And do not fear those who kill the body but cannot kill the soul. Rather fear him who can destroy both soul and body in hell. Matthew 10:28 ESV

It is not cool to mention that we should fear God these days. We have a hard time reconciling this with the god we have made up in our heads who only loves us and gives us whatever we want. But the God of the Bible, he is one to be feared. In Job, he chose to come in a storm (possibly a tornado). In Exodus, he come to his people as a fire on a mountain.

The fact is, God is awesome and terrible too.

So what are the typhoons and earthquakes and volcanos? They are little images of a much more powerful God. Just like cool breezes and sunny days are there to remind us of the gentle and loving father we have in Heaven, the asteroids and solar flares and tsunamis are there to remind us that we serve a powerful God. One that we can’t control. One that we should get out of the path of his wrath.

Just as people prepare for disasters that we know to be coming (see your grocery store when a blizzard is coming). We have been warned to get out of the way of the ultimate disaster which is the just anger of God at foolish sinners. Paul warns us of the wrath of God:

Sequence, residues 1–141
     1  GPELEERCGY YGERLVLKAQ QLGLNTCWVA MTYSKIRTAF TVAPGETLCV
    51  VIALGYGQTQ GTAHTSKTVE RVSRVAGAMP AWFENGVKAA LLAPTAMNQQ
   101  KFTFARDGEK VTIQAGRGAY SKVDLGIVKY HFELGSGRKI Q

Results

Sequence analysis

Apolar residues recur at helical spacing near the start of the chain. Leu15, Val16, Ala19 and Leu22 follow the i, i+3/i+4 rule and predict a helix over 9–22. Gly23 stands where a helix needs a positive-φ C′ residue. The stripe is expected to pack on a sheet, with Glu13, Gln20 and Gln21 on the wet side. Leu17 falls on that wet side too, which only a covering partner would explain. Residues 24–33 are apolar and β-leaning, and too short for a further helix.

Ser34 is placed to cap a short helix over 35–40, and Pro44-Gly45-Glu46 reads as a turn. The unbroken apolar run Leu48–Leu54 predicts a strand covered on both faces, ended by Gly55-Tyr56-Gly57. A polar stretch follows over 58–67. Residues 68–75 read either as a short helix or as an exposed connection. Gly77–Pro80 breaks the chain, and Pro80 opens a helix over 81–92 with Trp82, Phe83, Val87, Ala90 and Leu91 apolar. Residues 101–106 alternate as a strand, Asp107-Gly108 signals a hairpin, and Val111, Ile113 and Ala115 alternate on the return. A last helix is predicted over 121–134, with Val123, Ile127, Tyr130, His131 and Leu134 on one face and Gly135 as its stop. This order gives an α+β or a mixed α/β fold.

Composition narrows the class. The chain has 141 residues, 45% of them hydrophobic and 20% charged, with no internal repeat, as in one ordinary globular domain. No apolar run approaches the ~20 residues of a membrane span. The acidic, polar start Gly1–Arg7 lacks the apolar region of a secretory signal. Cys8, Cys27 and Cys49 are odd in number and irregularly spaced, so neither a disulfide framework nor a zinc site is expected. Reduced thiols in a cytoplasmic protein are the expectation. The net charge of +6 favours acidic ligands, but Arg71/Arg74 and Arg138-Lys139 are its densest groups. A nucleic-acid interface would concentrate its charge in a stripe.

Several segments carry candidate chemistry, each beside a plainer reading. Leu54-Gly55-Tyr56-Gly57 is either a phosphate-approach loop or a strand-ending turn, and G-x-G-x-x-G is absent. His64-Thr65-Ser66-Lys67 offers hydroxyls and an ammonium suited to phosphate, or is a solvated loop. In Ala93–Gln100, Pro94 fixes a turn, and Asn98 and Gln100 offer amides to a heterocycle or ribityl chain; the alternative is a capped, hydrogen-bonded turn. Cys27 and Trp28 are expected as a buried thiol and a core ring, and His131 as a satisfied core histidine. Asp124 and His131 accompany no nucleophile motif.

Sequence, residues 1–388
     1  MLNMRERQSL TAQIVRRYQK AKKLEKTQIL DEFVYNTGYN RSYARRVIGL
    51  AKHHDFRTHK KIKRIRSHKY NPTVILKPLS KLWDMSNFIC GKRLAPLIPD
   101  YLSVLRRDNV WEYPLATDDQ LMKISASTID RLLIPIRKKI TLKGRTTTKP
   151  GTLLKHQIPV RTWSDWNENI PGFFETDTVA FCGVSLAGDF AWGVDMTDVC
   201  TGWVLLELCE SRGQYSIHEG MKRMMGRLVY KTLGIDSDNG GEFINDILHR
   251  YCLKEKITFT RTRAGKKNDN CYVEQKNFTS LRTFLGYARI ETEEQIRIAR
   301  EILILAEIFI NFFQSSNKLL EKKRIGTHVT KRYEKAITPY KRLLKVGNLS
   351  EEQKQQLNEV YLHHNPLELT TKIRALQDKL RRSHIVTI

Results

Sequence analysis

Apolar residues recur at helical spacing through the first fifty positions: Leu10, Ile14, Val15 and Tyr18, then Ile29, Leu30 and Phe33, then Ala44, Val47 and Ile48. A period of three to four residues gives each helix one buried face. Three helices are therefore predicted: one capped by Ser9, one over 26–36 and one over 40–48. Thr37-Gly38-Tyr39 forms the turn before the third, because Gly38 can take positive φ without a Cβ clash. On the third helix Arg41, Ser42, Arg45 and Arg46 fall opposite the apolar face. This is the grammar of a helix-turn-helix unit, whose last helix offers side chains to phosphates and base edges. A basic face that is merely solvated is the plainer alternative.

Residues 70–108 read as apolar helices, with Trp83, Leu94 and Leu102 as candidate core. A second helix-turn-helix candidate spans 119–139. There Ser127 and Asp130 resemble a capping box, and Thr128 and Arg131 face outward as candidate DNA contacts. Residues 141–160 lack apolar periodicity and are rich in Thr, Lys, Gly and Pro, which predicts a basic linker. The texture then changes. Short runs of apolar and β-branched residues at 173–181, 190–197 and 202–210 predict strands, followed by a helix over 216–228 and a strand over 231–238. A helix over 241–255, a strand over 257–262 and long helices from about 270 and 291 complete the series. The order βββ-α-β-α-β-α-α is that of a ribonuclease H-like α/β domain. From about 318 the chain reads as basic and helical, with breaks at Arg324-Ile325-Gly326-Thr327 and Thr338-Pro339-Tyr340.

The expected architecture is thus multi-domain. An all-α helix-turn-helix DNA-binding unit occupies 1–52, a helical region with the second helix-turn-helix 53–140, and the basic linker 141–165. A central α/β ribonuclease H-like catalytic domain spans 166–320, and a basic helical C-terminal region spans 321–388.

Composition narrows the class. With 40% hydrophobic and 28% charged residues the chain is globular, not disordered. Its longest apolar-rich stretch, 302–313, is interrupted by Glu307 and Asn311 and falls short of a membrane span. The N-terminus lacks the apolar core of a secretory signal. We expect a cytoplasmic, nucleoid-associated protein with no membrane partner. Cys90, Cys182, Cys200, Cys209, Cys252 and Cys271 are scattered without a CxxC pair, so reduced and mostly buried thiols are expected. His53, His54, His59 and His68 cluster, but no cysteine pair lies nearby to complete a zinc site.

Put to death therefore what is earthly in you: sexual immorality, impurity, passion, evil desire, and covetousness, which is idolatry. On account of these the wrath of God is coming. Colossians 3:5-6

The wrath of God is coming and you and I are guilty of most, if not all, of the items on the list above. So what should we do?

(I)f you confess with your mouth that Jesus is Lord and believe in your heart that God raised him from the dead, you will be saved. For with the heart one believes and is justified, and with the mouth one confesses and is saved. Romans 10:9-10 ESV

What is the shelter from the greatest disaster of all? Jesus, he is the one who protects us.

But back to the original question, how should I feel about these great forces of nature. I should be awestruck by them and stand in amazement of them as little images of the much greater and powerful force that is God himself. I should be amazed by them as I am amazed by Him.

I should also mourn. These are terrible disasters and the human suffering also breaks the heart of God as well. But in that mourning, I should not think that a typhoon or tsunami is the great danger. Those things can only kill me. No, what I should fear most of all is God himself.

And then I should do whatever it takes to get out of that disaster’s way.

-Chip

Getting What I Deserve

you-deserve-it-abc-tv-showNext time you watch the Super Bowl, count the number of times that the commercials use the word ‘deserve’. No doubt, you will deserve a car, a soft drink, a burger, and a beer according to the advertisers. As easy as it would be to blame the advertisers for this, we must remember that they only say this because we believe it.